Wyman’s Youth Impact Partnership Supports Essential Services for Students at Normandy Schools Collaborative

“Our work in Normandy, which we call a Youth Impact Partnership, is the first place where we’re bringing our three key strategies — empowering teens, equipping adults, and strengthening systems — together in one geographically defined community — a school district. Solving complex systems challenges requires a multi-front approach, and with such committed and expert partners at the table, we’re laying a foundation that will create equitable opportunities for youth to succeed.”

– Claire Wyneken, Wyman President and CEO

Over the course of the last year, Wyman has worked alongside the Normandy Schools Collaborative to develop a system-wide solution to align more than 35 partners serving the district to help the Collaborative achieve better outcomes, with greater efficiency, for students and the community. A result of this work is the introduction and strategic alliance between the partners involved in the new health center. The center opened on Aug. 10, and is available to Normandy Schools Collaborative youth and staff. Learn more.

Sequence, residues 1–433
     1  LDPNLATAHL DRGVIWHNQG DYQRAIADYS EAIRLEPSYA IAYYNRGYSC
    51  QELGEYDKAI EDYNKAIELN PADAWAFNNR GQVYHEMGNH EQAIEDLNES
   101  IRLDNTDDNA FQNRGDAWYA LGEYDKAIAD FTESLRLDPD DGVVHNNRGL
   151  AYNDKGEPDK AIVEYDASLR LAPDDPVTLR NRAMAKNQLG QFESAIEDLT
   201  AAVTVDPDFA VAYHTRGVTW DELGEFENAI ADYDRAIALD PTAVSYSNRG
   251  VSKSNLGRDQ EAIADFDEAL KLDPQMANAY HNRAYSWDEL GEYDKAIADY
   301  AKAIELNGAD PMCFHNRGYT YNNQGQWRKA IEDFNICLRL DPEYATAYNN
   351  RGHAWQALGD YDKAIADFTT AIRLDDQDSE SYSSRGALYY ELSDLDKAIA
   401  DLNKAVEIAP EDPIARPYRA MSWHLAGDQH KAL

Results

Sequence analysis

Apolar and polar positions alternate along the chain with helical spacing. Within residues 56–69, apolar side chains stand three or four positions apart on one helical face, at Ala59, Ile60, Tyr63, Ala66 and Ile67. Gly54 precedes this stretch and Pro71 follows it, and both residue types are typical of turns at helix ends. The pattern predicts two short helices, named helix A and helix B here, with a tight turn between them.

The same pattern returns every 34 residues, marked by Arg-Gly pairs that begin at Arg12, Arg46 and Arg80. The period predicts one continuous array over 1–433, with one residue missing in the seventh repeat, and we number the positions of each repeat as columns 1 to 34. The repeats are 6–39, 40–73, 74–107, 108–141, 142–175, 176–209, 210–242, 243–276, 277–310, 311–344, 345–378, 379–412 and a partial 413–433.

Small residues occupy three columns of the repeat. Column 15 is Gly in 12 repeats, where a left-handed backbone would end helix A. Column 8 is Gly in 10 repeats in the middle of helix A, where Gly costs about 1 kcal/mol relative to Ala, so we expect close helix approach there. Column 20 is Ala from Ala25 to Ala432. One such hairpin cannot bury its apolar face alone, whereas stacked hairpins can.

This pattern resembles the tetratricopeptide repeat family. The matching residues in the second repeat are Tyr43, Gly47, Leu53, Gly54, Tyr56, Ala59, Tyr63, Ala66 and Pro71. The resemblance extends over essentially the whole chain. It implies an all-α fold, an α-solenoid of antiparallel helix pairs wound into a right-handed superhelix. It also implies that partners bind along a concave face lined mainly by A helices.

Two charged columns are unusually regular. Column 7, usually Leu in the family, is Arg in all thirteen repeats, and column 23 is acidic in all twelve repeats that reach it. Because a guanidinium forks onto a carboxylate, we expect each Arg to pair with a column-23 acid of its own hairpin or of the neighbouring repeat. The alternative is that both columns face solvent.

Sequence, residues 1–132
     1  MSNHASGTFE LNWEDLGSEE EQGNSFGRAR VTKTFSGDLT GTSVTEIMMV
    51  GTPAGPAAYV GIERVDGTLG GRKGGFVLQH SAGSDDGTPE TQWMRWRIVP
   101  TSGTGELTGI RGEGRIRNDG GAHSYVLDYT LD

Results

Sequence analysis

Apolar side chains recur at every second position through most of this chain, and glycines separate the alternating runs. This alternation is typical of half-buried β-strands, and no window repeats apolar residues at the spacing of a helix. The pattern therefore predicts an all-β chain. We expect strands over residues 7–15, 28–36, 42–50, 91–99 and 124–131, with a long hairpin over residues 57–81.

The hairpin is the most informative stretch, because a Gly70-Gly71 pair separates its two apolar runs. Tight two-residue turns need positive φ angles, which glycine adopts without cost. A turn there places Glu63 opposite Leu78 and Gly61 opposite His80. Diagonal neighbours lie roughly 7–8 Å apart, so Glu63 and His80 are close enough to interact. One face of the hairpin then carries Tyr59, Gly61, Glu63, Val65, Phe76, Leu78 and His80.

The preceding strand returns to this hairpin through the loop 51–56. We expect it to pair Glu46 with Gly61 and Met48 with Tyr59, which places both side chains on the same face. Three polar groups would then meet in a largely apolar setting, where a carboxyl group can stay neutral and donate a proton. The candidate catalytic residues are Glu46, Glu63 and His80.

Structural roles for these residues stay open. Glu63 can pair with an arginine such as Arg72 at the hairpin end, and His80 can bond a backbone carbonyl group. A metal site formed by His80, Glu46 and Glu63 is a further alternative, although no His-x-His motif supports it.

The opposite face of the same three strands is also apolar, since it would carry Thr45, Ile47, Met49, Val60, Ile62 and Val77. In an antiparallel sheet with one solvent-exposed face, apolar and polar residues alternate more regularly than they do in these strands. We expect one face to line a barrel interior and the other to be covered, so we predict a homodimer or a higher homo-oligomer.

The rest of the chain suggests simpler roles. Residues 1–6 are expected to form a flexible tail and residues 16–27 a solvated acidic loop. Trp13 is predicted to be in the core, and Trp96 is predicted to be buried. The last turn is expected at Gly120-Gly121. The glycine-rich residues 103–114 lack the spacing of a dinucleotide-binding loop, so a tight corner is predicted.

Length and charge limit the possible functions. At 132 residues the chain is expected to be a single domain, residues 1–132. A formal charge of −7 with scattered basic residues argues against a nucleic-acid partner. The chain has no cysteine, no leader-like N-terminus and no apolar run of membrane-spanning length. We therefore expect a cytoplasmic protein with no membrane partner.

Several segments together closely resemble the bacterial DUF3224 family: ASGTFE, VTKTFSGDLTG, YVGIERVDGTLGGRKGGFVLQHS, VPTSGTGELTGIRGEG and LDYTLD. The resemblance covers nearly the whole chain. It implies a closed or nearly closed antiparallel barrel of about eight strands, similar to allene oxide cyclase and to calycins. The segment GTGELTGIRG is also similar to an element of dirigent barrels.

“We are here to partner with the district, and support them in providing the students with what they need, when they need it, and with measurable quality – so that they can learn in the classroom and develop the skills needed for success in life,” adds Wyneken. “Too many students and their families don’t have access to quality healthcare they deserve, and the Center changes that. With this essential service, students will have more of what they need to learn and grow.”

As the St. Louis Post-Dispatch reports, research has shown that poor health is a barrier to student learning, is associated with lower grades and is a common reason why students miss school or drop out. School-based health clinics, such as Affinia Healthcare at Normandy High School, help educators address not just their students’ educational needs, but needs of the whole self, such as health and emotional well-being.

Read more in the St. Louis Post-Dispatch.